I apologized to Randy as I handed his glasses back. That’s where the dream ended.

The City on A Ship Dream

I felt wonderfully happy. I parked my black car, a little sports vehicle in an unpaved space and went in to talk to my wife. I had to go up steps. Speaking with her about tickets and time, I had the impression that we were getting ready to leave. Then, stepping out of our place onto an breezeway, I looked across the land.

Our place reminded me of the building where we lived on Okinawa, Japan, for a few years. Built in a new style in the sixties, it overlooked an old gray stone building, matching wall, and an unpaved parking lot. The similarity ended there; Okinawa’s paved streets were asphalt. The narrow, curving streets I saw in my dream were light gray cobblestones. As my eyes swept the vista, they were drawn toward the sea in the west. It wasn’t too far off. Changing my vantage and looking north, I saw sea there, too. For a moment, I thought we were on an island, but then I knew we were in a city on a ship.

Turning in another direction, I could see much more of it. The city on the ship reminded me of an old English village. The talk about tickets and time was about getting ready to dock and arrive, not to leave. That realization pleased and excited me.

Dream shift. My wife and I had come down to some shops. Now she went off to do something. Left alone in a large, crowded business, I found a place and sat down to eat.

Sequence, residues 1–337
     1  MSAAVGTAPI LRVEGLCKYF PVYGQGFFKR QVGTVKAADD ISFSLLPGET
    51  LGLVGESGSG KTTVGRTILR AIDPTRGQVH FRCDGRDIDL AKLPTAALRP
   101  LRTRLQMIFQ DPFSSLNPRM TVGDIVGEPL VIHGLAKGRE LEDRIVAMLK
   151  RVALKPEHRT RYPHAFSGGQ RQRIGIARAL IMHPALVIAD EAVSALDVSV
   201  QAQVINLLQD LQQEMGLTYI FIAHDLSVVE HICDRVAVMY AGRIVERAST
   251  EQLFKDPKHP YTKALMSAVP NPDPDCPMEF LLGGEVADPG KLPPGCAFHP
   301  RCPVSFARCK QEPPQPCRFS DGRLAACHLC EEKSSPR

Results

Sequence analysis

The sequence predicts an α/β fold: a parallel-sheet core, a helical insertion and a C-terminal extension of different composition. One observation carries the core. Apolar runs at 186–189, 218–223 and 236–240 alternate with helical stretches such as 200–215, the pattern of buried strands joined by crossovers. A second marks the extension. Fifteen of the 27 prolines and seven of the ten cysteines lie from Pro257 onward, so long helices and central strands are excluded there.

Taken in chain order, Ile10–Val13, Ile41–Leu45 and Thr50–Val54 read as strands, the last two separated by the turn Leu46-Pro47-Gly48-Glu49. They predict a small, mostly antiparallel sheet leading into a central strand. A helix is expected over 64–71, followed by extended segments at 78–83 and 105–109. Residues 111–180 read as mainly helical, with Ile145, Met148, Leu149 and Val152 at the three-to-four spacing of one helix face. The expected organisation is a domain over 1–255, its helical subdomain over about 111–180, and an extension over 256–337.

While eating fries, I played with a game, something made to amuse young children. It was just on a table. A woman came up and teased me about playing with her game. She then ate chips out of my hair. I was surprised because I didn’t know I had fries in my hair. I teased her about eating them without asking for permission. She introduced me to her mother. As her mother went off, she sat down to chat with me at the table.

I enjoyed her company. I was young in the dream and she was my age. White, with short brown hair, she impressed me with her self-confidence and humorous outlook. We ended up running into one another and spending a lot of time together. She seemed always happy to see me. I had the impression that she looked for me.

Then, once when we were looking out a window, I saw my wife. Out on her knees by the sidewalk, she was planting small bushes. I realized that she’d volunteer to help with a beautification project, and she’d done it all on a whim.